How to Tell if Your Brand is Leaking Value

I like the term ‘leaking value’ when it’s attached to brand. For me, it perfectly encapsulates the idea of what happens to organisations when they have a brand problem that’s hidden from view.

It’s like a slow puncture that gets worse and worse over time until it eventually reveals itself through wonky steering. 

Our work tends to focus on large global organisations who often have complex requirements for their brands and products. Whether that’s to do with consistent representation in regional territories, or how to establish naming conventions to make it easier for customers to know which products to buy. We’re nerdy for this type of stuff and spend quite a lot of time talking about it (you can listen to our podcast) and writing about it. But I thought it would be useful to consolidate a list of tell-tale signs we’ve seen from our clients over the years that point to the fact that you might be leaking brand value…

Too many products or brands

This is always top of the pops. Just about every organisation we work with has too many products or brands. You can read a more expansive piece on this here. Suffice to say, that if you have too many products and they’re difficult to navigate, consumers will buy something else that’s easier. Prof G has described this as the biggest mistake made in modern marketing. Consumers don’t want more choice; they want more confidence in fewer choices - or to outsource the decision making to someone else!

Understanding where the brand equity lies

Too many B2B organisations try to build (or believe there is) brand equity in product brands or services. This is an inefficient way to organise brands because it means you need more marketing budget to launch and sustain them. Generally, they’re very poorly thought through and end up contributing to a confused customer proposition. In B2B scenarios, with a typically smaller customer base, it’s much more sensible to build the equity in the master brand, consistently applied across all touch-points. Taking this approach is easier, cheaper, less confusing to the customer and maintains more value in the business.

Is the digital context considered?

How well is the brand optimised for the digital-first customer? Too many organisations treat brand as if it exists in a vacuum. It doesn’t. It’s everywhere. And it’s digital-first. So, knowing that consumers generally want an easy, friction-free experience when it comes to planning, researching and buying, how well does your brand fare in delivering a seamless online experience? Again, complexity issues in portfolio management & naming conventions are quickly exposed within the digital channels. If you have the same products with different names in different territories, then the pain is in the post. (Or email).

Too much short; not enough long

Another big topic of 2020. Most B2B organisations spend way too much on short term sales activation, and virtually nothing on long-term brand building. This is particularly true if it’s an organisation with a large sales function where marketing’s role is viewed as lead generation. Rory Sutherland, in his recent piece The Objectivity Trap expresses the issue well.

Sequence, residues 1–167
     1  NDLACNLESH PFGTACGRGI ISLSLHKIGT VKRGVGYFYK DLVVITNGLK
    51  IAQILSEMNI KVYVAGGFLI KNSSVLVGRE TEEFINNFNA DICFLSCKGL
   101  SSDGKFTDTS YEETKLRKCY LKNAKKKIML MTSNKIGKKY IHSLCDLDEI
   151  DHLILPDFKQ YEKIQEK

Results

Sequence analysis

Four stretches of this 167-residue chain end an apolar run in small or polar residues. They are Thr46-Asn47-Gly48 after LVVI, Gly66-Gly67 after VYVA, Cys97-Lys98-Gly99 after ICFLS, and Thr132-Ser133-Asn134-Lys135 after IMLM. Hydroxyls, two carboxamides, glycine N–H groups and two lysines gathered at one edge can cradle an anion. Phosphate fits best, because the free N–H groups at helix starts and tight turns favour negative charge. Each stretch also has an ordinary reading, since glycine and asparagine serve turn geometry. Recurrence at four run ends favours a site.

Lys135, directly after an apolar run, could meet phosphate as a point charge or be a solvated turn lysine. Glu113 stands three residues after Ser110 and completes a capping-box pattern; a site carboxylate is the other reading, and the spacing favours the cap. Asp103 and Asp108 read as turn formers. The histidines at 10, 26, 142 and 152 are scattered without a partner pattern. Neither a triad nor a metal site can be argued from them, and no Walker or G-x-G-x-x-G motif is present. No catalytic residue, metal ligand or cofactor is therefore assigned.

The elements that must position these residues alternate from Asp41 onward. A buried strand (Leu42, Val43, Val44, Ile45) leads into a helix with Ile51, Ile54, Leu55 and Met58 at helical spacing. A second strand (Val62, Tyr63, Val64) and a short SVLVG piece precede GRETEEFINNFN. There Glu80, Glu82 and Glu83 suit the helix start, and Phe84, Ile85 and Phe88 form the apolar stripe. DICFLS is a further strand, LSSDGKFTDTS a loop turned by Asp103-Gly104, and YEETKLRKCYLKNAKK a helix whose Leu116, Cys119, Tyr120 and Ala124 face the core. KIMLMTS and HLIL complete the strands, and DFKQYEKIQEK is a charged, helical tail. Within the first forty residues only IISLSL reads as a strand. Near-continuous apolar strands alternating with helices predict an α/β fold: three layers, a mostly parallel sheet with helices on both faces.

“In a business culture which is obsessed with quantification and measurement, there is an ever-present risk that the need for accountability makes the value created by marketing smaller rather than larger. If you spend your money doing only what can be proven to work, you may be missing out on things which are more effective but less demonstrable. You will also focus disproportionately on short-term wins over long-term value creation.”

So, it’s a bit of a no-brainer piece of advice to B2B marketers. If we accept that consumers are more likely to buy from you if they recognise you and that most of your competition isn’t investing in the long-term perception of their brand, then surely it’s logical to conclude that this is how you win.

Don’t go changing

Too many organisations managing brands want to change things because they’re bored with them. As brand practitioners, we do hear this quite often. Statements like ”can we really push the guidelines this time”, or ”let’s dial-up some of the secondary colours, there’s too much of the primary”. The obvious question is, who are you making these changes for? Unless there is some empirical evidence that the consumers will benefit from these changes, then you’re probably best to stick with what you’ve got. The more it’s the same, the better it is for the customer. In a similar vein, Mark Ritson recently called marketing’s tendency to be aroused by anything new as The Pornography of Change and described those that chase it as an “enormous superficial army of glitter seekers”. Instead, he wished marketing people were more focused on “customer data and brand strategy”. Amen to that.

I understand that it’s easy to sit on the sidelines and call clients out on this stiff. These issues are nuanced and don’t exist in isolation, with mitigating factors everywhere: budgets, politics, the average tenure of the CMO and host of other challenges. However, we have to see our role as one which tries to challenge, calling out contradictions, long-term impacts and ‘inside out’ biases wherever we see them. This is the value we bring to our clients. Without it, we’re simply doing, not thinking.